Park here on Shanghai Bend
Other parking at the boat ramp (this is south of Shanghai Bend, asphalt lot that is still not suitable for horses IMO).
- 8.3 mile loop with a waterfall at the end.
- Almost 2,000 feet of vert
- Not suitable for horses
- Free parking.
It’s out of the way with no cell phone reception and you will never be “in the area” – but it’s worth the drive. The trail gets a surprising amount foot traffic even during the week, and during the weekends the parking lot gets full (but I’ve always been able to park somewhere). Vault toilets, well marked trail, mostly non-technical single track . After a short section, the trail splits into 2 directions – a shorter but more technical (rocks, eroded trail, more water crossings, steeper) trail, and a longer more groomed trail. The trails meet up again when it’s time to hike up to the falls viewing point.
Elevation profile when traveling the trail counter clockwise – going to the falls on the longer section, coming back on the shorter section.
Yuba South State Park
- No horses, running only
- Parking fee or poppy pass
- 5.8 miles
Has a little bit of everything combined with spectacular views. Pretty technical single track to warm you up followed by a very well groomed runnable double track with a quick visit to the river before a turnaround. Well worth the detour from Penn Valley if you’re in the area and a runner. Not a place for the ponies!
Or go less than a quarter mile up the road, over the bridge, and park in the lot on the right.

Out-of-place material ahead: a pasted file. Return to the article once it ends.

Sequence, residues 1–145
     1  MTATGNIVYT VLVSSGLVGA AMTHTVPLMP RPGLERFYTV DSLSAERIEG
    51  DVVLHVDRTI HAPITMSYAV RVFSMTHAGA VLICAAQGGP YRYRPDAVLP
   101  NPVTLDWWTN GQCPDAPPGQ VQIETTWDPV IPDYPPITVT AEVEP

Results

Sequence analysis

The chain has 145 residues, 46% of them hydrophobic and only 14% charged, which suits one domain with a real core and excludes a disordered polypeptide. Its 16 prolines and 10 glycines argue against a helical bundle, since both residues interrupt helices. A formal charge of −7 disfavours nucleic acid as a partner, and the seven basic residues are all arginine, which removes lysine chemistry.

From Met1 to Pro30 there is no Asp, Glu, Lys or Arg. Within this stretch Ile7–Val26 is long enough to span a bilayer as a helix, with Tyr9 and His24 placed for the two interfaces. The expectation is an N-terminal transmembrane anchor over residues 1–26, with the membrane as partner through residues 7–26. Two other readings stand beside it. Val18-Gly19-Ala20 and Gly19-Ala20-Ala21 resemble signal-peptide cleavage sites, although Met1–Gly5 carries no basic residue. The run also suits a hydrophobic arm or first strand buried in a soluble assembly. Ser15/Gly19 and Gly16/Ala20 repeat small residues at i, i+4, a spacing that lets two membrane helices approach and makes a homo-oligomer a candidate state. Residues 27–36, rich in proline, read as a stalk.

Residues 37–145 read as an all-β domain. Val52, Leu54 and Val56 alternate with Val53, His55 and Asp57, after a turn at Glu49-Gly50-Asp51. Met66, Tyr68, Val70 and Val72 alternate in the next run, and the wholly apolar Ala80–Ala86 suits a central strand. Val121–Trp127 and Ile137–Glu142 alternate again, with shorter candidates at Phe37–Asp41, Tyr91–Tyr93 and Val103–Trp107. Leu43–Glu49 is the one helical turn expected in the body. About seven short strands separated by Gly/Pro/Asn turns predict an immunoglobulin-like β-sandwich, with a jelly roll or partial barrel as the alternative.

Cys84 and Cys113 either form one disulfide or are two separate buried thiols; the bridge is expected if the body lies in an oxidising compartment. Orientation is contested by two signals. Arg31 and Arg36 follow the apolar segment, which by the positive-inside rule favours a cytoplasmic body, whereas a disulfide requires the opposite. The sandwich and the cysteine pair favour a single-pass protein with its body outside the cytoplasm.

Point Defiance Loop starts on the covered bridge side of the road. It is pretty well marked. I like to go counterclock wise and start on the single track going up hill. This allows me to bomb down a wide jeep road with wild abandon, before finishing up on a flat-ish very technical boulder hopping section of trail. Then I head over to the parking lot across the street and follow the Buttermilk trail, which is flat and well groomed for a final out and back.
Elevation profile for the above map
More to come!
Hi there! I have a technical question for you…. how do you get those nice elevation profiles? I’m currently training for my first 50K and I’m really curious to compare the profile of my training runs to the race I’ll be doing. Thanks!
I use strava on my phone during my run, and it shows both the map and the elevation profile when I’m done. You can also draw your route out on something like a run go and it should generate an elevation map based on what it knows of the terrain of the trail that you drew out.
Thank you! I will give that a go.